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Polkadot Network
Polkadot Logo.png
 100 PlanckPlanck
 104 PlanckMicrodot (uDOT)
 107 PlanckMillidot (mDOT)
 1010 PlanckDot (DOT)
 1016 PlanckMillion (MDOT)[1]
Original author(s)Gavin Wood
White paper
Implementation(s)polkadot, gossamer
Initial releaseMay 26th, 2020
Development statusActive
Timestamping schemeProof of stake

Polkadot is a blockchain platform and cryptocurrency. The native cryptocurrency for the Polkadot blockchain is the DOT.[2] It is designed to allow blockchains to exchange messages and perform transactions with each other without a trusted third-party. This allows for cross-chain transfers of data or assets, between different blockchains, and for decentralized applications (DApps) to be built using the Polkadot Network.[3]

Polkadot relays.
Polkadot relays.
Gavin Wood, founder of Polkadot.
Gavin Wood, founder of Polkadot.


The protocol was created by the Ethereum co-founder Gavin Wood,[4] Robert Habermeier and Peter Czaban,[5] raising over $144.3 million in its Initial coin offering in October 2017.[6] Another private sale in 2019 raised an additional $43 million.[5] Gavin Wood is attributed in coining the term "Web3" in 2014.[5] The white paper for Polkadot was published by Wood in 2016. The Web3 foundation was subsequently launched in 2017.[5]

Polkadot's initial block (the "genesis block") was released in May 2020.[7] The DOT is its native token, and DOTs were released with the launch of the genesis block.[5]

Technical details

The Polkadot network has a primary blockchain named "relay chain" and many user-created parallel chains called "parachains".[8] The relay chain acts as the governance layer of the network, while parachains are auctioned, enabling independent projects to create and operate their own blockchains that live within the Polkadot infrastructure.[9] A relay chain is responsible for validating data, achieving consensus and ensuring transactions are executed.[5] It is estimated that 1,000 transactions per second can be processed by the network.[5]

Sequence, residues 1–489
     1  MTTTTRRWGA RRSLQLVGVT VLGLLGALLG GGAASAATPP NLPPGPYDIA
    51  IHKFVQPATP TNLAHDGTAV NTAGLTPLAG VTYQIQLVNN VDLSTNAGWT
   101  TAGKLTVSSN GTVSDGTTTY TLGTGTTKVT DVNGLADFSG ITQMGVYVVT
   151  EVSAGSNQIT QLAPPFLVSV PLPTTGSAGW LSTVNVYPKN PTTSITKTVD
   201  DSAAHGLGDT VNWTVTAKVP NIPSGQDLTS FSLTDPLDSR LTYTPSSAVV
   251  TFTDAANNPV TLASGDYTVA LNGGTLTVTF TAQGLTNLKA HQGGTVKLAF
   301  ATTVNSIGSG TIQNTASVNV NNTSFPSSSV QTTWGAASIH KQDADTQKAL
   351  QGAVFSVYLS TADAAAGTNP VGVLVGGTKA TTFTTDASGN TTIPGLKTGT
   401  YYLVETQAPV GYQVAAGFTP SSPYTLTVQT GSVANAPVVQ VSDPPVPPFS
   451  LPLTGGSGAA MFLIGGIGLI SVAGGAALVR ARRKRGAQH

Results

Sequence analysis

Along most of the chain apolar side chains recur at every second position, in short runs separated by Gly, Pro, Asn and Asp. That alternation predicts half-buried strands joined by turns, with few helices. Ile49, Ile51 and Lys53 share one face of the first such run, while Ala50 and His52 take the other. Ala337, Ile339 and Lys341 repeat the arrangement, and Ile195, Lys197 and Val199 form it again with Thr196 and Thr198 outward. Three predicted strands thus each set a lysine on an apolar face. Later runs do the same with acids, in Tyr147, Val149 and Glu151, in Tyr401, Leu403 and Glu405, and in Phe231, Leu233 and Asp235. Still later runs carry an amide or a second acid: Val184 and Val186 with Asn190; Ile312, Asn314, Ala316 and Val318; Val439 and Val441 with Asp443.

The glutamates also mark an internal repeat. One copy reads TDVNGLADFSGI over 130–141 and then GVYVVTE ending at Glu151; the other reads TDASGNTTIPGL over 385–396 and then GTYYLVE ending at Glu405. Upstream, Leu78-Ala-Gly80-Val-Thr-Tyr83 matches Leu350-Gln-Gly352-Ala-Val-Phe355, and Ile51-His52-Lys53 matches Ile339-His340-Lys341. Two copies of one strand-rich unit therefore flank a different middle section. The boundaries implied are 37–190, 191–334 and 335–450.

Proof of stake

The network uses a proof-of-stake consensus algorithm.[10] The protocol used, Blind Assignment for Blockchain Extension (BABE), is derived from Ouroboros, a protocol created by Aggelos Kiayias.[11] [12]

Bridges and Parathreads

The Polkadot network contains bridges, which connect blockchains and allow data transfer. Bridges provider interoperability with other networks such as Bitcoin or Cardano. Parathreads operate in a similar manner to parachains but follow a "pay as you go" model, not requiring continuous connectivity to the Polkadot network.[5]

Consensus and the DOT token

There are three forms of stakeholders within the Polkadot proof-of-stake consensus model namely:

DOT token is used for both staking and governance:

See also


  1. ^ Ferran, Taylor. "Pokadot(DOT)". polkadot. Retrieved 28 Jan 2023.
  2. ^ "Ethereum Blockchain Killer Goes By Unassuming Name of Polkadot". Bloomberg. October 17, 2020. Retrieved July 14, 2021.((cite web)): CS1 maint: url-status (link)
  3. ^ "True interoperability". Polkadot. Retrieved 13 Feb 2022.
  4. ^ Vigna, Paul (March 3, 2022). "How Bitcoin and a Crypto Exchange Became Part of Ukraine's War Effort". Wall Street Journal.
  5. ^ a b c d e f g h i j "About Polkadot, a platform for Web3". PolkadotAbout. October 17, 2017.
  6. ^ Butcher, Mike (October 17, 2017). "Polkadot passes the $140M mark for its fund-raise to link private and public blockchains". Techcrunch.
  7. ^ "Polkadot Network". Polkadot Network. Retrieved 2022-08-08.
  8. ^ Adams, Michael. "What is Polkadot?". Forbes. Retrieved 28 Jan 2023.
  9. ^ Waters, Richard (31 December 2020). "What did Silicon Valley's crypto bubble create?". Financial Times.
  10. ^ Piven, Ben (13 May 2021). "After Musk Bitcoin U-turn, which coins are more climate friendly?". Retrieved 5 July 2021.((cite web)): CS1 maint: url-status (link)
  11. ^ Alper, Handan net. "BABE". W3F. Retrieved 2021-12-06.
  12. ^ [1] Kiayias home page at University of Edinburgh